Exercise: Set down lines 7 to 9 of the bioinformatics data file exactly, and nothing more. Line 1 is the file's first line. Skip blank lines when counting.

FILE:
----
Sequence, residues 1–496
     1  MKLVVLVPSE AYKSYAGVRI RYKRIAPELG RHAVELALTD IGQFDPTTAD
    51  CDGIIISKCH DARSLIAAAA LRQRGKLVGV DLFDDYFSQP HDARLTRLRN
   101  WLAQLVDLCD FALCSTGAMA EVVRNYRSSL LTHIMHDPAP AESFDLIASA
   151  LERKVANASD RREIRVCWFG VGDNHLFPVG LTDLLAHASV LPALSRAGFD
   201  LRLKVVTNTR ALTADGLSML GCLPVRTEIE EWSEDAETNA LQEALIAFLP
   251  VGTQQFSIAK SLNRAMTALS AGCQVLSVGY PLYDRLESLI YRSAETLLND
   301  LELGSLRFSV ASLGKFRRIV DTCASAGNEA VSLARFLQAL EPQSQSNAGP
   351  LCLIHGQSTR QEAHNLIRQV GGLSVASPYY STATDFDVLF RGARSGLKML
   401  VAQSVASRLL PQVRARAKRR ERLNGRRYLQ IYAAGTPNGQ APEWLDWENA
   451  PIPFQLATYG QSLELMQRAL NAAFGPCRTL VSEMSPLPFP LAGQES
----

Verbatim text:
   251  VGTQQFSIAK SLNRAMTALS AGCQVLSVGY PLYDRLESLI YRSAETLLND
   301  LELGSLRFSV ASLGKFRRIV DTCASAGNEA VSLARFLQAL EPQSQSNAGP
   351  LCLIHGQSTR QEAHNLIRQV GGLSVASPYY STATDFDVLF RGARSGLKML